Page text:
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Streamlining Snowflake Task Deployment with Snowpark Python

We implemented a data pipeline and used Snowflake tasks for orchestration. Immediately my mind started to think, how are we going to deploy this to the upper environments (QA and PROD)? The client does not have any automatic deployment, requires a QA Admin to deploy anything to QA (no developers are allowed to deploy) AND it has to be sql files that they execute so no cloning or other fancy Snowflake features.

Laptop with code
Photo by James Harrison on Unsplash

As developers, we like to be able to develop code directly in the tool; I’m not going to write a sql file, apply it and then re-write it, re-apply until I get it correct. I’m going to go directly to Snowflake and write my sql statements and execute them to get the objects created for usage. However, in order to move this code to QA, we have to pull it back out to a flat sql file for the QA Admin to run (and it had to work and generate the exact objects we wanted to match our dev structure).

A database structure is not automatically checked into Git such that it can then be packaged and deployed like a web application. And for this project, we were not allowed to introduce any new tools (open source or enterprise).

Remember that for tasks, since they are allowed to have dependencies, the order that these tasks are applied in sql matters. Tasks have to be created in order such that if task A is dependent on task B, task B must be created before task A or the sql will fail. So for the first deployment, we opened a database visualization tool and pulled the ddl out manually for all the tasks and then by hand went through and made sure the dependencies were in the correct order. It was painful and would only get more complicated as subsequent releases would be much larger.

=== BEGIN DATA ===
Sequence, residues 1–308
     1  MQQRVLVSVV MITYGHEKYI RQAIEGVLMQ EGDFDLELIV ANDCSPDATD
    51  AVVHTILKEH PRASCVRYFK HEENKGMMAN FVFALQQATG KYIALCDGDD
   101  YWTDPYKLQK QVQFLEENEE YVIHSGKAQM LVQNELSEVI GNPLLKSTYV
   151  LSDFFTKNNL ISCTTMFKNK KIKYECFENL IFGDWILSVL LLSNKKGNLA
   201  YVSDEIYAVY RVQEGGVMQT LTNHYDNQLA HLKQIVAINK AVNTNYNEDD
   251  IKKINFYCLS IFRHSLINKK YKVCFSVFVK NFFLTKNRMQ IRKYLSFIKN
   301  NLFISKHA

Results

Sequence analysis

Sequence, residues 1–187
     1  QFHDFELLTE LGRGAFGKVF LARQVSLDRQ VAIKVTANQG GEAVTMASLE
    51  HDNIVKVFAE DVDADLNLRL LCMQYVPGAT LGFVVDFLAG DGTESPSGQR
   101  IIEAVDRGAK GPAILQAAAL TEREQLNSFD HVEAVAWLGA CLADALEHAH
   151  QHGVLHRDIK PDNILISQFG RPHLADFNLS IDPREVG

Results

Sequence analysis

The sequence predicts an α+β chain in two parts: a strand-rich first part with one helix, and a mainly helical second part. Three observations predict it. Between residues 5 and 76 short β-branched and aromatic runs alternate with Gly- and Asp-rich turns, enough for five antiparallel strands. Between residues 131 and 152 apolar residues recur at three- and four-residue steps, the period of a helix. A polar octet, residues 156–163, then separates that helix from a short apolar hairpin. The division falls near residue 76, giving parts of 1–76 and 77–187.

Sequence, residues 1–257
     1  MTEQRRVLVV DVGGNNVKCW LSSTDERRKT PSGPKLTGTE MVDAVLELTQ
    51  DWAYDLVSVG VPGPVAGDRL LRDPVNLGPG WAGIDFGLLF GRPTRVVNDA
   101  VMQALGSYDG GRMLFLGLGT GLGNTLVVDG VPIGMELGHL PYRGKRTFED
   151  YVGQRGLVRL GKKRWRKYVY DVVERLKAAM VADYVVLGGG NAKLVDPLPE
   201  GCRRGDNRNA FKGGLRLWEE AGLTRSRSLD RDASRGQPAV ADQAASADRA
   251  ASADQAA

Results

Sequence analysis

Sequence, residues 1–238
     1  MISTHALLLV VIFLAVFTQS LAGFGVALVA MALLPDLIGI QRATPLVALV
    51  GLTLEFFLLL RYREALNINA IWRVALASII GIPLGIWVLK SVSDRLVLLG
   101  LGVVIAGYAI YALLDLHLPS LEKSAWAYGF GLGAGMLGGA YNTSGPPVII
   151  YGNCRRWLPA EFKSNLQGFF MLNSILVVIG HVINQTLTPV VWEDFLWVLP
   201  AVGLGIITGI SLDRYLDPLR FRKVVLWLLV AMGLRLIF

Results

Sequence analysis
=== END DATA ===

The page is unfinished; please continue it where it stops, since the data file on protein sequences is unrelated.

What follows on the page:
As long as the tasks exist in the DEV environment, there can be a programmatic way to pull them out, put them in the right order and provide a file to be deployed to the QA or PROD environment. I created a simple Snowpark function that did exactly this. This allows us to use DEV as a true development space and we can create, adjust, delete, test the pipelines until we get something we are satisfied with then run the Snowpark function to extract the sql to be handed over to the QA deployment admins.

In our architecture, DEV, QA and PROD are all three separate Snowflake databases with multiple schemas in each that have procedures orchestrated by tasks. The goal is to produce a sql of tasks in the correct order and then go through and find/replace to change the DEV references to QA.

Logical Outline:

  1. Get a list of all the tasks that exist in the designated schema (remember task dependencies have to all exist within one schema)
  2. Loop through the list of tasks and get the ddl for each of them
  3. Loop through the list of ddl for each task and use regular expressions to parse out the name of the task and a list of the dependent tasks
  4. Start creating a new list by looping through the list of parsed tasks
  5. Add the first item in the list to the new list
  6. With items 2-X,
    – check if any of the dependencies in the item exist currently in the new list. If they do, add the item to the new list one spot down from the highest dependency. If there are no dependencies in the list, add the item to the bottom of the list.
    – loop through the entire newly ordered list and move items around if any of the existing items have dependencies that are now above them in the list

Check out this GitHub repo to download the code and try it out!